Economists worry that we have entered in a secular stagnation called the Great Stagnation. To summarize: whereas industrial productivity grew steadily for most of the XXth century, it started to flatten out in the 1970s. We have now entered an era where, on paper, we are not getting very much richer.
Houses are getting a bit larger. We can afford a few more clothes. But the gains from year to year are modest. Viewed from this angle, the stagnation looks evident.
Why is this happening? Economists have various explanations. Some believe that government regulations are to blame. Others point out that we have taken all the good ideas, and that the problems that remain are too hard to solve. Others yet blame inequality.
But there is another explanation that feels a lot more satisfying. We have entered the post-industrial era. We care less and less about producing “more stuff” and we are in a process of trimming down.
Young people today are less likely to own a car. Instead, they pay a few dozen dollars a month for a smartphone. They are not paying for the smartphone itself, they are paying for what it gives them access to.
Let us imagine the future, in 10, 20 or 30 years. What I imagine is that we are going to trim down, in every sense. People will own less stuff. Their houses won’t be much larger. They may even choose not to own cars anymore. They may choose to fly less often. If we are lucky, people will eat less. They may be less likely to be sick, and when sickness strikes, the remedy might be cheaper. They will use less power.
We are moving to a more abstract world. It is a world where it becomes harder to think about “productivity”, a concept that was invented to measure the output of factories. What is the “productivity” of a given Google engineer? The question is much less meaningful than if you had asked about the productivity of the average factory worker from 1950.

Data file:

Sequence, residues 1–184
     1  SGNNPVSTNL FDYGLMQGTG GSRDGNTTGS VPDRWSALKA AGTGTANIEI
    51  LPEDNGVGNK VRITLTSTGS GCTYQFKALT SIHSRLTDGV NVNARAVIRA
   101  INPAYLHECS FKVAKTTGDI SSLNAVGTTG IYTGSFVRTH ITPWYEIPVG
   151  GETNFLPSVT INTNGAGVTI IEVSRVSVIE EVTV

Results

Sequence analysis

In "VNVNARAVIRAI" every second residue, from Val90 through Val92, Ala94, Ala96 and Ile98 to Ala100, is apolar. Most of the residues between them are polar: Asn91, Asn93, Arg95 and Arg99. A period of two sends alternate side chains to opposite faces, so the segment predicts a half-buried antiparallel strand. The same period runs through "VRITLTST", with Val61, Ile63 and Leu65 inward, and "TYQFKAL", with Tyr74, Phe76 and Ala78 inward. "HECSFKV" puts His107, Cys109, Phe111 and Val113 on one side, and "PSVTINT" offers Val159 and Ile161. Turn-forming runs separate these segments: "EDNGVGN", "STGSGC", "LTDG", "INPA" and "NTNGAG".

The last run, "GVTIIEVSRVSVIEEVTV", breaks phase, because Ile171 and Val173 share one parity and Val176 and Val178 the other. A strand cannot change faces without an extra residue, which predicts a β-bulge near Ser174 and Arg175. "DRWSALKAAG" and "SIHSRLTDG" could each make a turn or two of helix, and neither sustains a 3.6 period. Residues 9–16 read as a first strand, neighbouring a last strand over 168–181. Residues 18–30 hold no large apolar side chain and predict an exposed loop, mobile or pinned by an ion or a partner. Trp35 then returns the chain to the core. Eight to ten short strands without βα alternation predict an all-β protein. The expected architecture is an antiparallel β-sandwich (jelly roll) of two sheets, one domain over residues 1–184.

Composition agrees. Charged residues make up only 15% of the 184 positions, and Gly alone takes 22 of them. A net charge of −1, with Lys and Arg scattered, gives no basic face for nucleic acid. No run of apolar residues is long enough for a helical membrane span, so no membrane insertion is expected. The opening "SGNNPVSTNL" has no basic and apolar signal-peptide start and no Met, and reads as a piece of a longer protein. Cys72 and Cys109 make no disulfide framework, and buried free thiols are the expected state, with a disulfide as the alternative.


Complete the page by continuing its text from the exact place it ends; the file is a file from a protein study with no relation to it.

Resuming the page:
Suppose that, tomorrow, scientists discover that they have a cure for cancer. Just eat some kale daily and it will cure any cancer you have (say). This knowledge would greatly improve our lives… we would all be substantially richer. Yet how would economists see this gain? These scientists have just made a discovery that is almost without price… they have produced something of a very great value… how is it reflected in the GDP? Would you see a huge bump? You would not. In fact, you might see a net decrease in the GDP!
We won’t cure cancer next year, at least not by eating kale… but our lives are made better year after year by thousands of small innovations of this sort. In many cases, these cannot be measured by economists. And that’s increasingly what progress will look like.
Measuring progress in a post-industrial world is going to get tricky.